Diana Food North America, part of Germany's Symrise Group, has introduced a line of organic, sustainably sourced colors for foods and beverages. According to Food Business News, they include a blue made from spirulina and a pink/reddish color sourced from red beet. Yellow, orange, red and purple made from carrots, turmeric and annatto also are available.
Food Business News said the colors are USDA-certified as organic, are non-GMO and are sustainably sourced by Diana Food’s agronomy experts in farming areas around the world. The colors can be used in a variety of products like confectionery, dairy and beverages. The company also creates specialized blends for custom color applications.
"Diana Food has a legacy of 'natural' that preceded coloring foods," Teresa Kilgore, the company's category manager of Sweet and Beverage, said on the company's website. "Our commitment to selecting the best of what nature has to offer is an accidental coincidence that works to our customers' advantage in natural, organic colors.”
Diana Food seems to be positioning itself on the cutting edge of color solutions with this new line of plant-based, organic, non-GMO and sustainably sourced colors for foods and beverages. Consumers want natural ingredients in their foods, and they are leery of artificial colors that look and taste like they came from a lab.
Statistics bear this out. A GNT global consumer survey done in 2017 found 79% of consumers define "natural" as being made without artificial colors. As a result, manufacturers have been phasing out artificial colors in their products and moving to more natural ingredients. Hershey, General Mills, Campbell Soup and other food giants have worked to create or reformulate older recipes without artificial colors.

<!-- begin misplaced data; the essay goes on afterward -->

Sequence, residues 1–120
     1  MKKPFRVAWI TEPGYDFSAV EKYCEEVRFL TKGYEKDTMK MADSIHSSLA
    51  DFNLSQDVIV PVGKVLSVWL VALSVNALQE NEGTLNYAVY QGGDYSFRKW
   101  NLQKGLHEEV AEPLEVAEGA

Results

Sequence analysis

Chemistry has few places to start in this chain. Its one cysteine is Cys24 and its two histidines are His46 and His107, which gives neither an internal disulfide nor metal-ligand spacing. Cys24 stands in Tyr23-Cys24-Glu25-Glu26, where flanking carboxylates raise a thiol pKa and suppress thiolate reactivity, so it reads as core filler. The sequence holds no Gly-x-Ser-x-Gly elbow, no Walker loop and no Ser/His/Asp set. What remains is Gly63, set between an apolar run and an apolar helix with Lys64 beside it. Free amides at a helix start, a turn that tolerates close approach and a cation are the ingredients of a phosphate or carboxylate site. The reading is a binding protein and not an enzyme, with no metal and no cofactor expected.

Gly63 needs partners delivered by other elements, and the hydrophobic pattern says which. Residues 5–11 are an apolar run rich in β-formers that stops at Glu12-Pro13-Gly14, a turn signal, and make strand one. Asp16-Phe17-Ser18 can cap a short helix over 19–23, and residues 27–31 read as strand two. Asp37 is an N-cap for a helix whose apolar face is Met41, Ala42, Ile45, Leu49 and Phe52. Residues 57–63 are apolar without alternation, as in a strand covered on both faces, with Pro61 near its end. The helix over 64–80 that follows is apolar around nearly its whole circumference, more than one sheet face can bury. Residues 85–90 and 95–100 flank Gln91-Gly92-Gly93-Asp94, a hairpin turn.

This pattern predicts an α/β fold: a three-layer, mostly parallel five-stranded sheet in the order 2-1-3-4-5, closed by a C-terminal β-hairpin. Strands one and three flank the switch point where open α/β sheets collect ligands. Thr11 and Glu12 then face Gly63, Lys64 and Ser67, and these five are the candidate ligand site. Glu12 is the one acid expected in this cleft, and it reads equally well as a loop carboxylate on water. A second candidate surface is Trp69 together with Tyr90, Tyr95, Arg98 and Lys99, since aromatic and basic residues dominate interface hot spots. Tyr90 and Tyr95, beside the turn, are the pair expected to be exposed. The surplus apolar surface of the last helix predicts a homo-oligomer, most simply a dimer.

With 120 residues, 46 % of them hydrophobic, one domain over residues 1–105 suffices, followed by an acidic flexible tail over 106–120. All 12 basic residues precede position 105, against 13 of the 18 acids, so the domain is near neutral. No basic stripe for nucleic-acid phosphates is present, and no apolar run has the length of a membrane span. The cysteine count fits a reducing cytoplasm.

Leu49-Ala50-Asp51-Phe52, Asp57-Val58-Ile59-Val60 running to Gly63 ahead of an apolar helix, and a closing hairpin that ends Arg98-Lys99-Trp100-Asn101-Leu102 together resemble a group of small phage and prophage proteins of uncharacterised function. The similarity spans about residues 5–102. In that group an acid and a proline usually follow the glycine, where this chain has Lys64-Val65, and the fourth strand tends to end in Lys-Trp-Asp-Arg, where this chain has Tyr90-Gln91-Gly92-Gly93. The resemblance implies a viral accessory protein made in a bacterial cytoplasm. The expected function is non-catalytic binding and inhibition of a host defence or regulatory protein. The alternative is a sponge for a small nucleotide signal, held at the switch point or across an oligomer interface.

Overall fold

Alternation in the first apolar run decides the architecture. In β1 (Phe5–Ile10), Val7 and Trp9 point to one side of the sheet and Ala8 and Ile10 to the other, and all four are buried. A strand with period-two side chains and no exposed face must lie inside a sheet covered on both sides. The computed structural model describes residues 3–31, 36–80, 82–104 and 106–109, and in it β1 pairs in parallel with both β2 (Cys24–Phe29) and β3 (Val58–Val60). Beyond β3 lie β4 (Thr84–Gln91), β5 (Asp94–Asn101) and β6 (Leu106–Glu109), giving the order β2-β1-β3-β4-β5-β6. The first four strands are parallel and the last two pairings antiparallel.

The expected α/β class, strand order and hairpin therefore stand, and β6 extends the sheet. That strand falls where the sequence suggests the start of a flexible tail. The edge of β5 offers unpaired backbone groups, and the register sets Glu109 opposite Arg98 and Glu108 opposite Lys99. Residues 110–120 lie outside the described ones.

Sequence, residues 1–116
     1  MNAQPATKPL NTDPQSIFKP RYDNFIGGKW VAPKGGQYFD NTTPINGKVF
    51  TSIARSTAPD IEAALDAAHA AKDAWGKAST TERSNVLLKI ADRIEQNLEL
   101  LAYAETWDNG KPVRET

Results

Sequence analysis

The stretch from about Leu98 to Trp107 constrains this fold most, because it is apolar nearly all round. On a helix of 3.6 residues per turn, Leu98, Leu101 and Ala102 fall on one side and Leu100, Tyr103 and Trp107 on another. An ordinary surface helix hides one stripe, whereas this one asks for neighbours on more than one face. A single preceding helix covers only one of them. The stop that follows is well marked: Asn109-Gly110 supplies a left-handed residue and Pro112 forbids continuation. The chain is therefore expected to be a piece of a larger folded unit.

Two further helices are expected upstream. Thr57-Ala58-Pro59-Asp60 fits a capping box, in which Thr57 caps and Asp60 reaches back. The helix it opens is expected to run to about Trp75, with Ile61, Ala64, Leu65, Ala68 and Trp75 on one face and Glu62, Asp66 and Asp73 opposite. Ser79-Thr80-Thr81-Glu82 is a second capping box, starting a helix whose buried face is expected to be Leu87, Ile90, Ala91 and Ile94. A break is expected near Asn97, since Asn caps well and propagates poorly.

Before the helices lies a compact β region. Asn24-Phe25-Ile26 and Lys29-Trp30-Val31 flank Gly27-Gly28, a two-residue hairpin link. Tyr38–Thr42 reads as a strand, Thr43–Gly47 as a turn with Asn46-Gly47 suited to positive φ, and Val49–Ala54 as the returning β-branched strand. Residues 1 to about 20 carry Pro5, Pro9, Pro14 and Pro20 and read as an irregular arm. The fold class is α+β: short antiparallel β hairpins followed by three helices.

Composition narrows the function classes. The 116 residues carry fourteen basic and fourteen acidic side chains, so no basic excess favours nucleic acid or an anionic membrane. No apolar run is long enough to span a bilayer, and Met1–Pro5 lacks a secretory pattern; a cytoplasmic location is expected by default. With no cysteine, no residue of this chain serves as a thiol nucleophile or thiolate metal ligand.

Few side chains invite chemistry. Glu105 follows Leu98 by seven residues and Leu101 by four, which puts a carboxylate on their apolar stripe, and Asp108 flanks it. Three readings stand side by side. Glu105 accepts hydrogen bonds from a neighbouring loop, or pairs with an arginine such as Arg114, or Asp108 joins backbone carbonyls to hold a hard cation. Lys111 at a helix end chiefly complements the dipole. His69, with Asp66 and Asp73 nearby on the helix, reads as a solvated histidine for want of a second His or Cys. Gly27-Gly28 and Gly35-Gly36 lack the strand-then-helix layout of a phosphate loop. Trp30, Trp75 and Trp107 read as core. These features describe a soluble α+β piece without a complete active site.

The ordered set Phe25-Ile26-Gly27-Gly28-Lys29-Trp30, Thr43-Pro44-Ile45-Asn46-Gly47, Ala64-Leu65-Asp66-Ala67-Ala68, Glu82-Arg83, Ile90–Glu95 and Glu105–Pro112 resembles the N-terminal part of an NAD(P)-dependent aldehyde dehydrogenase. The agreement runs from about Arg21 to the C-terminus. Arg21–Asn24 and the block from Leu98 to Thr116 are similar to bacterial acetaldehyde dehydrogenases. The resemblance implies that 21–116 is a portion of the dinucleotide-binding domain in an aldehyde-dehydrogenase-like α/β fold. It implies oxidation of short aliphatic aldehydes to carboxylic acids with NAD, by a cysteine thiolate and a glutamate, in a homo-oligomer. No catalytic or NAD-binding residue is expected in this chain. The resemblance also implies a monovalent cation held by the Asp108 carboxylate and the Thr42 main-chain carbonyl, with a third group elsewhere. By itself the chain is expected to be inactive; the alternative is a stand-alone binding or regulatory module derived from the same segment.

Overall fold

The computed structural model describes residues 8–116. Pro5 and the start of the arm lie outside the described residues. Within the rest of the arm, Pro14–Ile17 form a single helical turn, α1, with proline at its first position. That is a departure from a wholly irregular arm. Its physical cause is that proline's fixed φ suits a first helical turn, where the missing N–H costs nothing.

Manufacturers of natural colors look to have a bright future since Zion Market Research projects the global natural food color market will top $1.77 billion by 2021 — a compound annual growth rate of nearly 5.2% from 2016 to 2021.
When it comes to finding natural colors to replace artificial ones, certain colors of the rainbow are more difficult to duplicate. Darwin Bratton, Hershey's vice president of research and development, previously told Food Dive the biggest challenge in changing some products is the limited availability of certain “natural” ingredients like vanilla or the color blue. If Diana Food can overcome these obstacles, it could open up a larger market for natural color substitutes and attract the interest of more large food and beverage companies.
It has been said that consumers eat first with their eyes, so colors also tease anticipated flavors to consumers — a key opportunity for food manufacturers to differentiate themselves from their competitors. Research has found 90% of shoppers make up their minds about buying a product from its color and perceived taste. If the color is appealing, they're more likely to buy it. In an online poll commissioned for Lycored, 88% of mothers said in 2016 they would be willing to pay more for the natural version. On average, they would pay 47% more to avoid the artificial colors.
The color spectrum Diana Food is offering ranges from blue, orange and yellow to pink, red and purple — with customized shades available. These colors are popular choices because they've been found to evoke emotion, hunger and a belief that the foods containing them are more nutritious.